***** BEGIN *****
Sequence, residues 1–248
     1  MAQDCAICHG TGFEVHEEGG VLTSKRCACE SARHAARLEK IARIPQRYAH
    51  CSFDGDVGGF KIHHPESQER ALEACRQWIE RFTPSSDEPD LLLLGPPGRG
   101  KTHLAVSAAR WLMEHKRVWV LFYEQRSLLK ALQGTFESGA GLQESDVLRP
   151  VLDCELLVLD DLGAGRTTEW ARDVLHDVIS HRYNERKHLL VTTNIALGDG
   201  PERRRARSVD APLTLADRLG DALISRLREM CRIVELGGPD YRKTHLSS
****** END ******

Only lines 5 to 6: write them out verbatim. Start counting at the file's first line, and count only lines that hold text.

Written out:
   151  VLDCELLVLD DLGAGRTTEW ARDVLHDVIS HRYNERKHLL VTTNIALGDG
   201  PERRRARSVD APLTLADRLG DALISRLREM CRIVELGGPD YRKTHLSS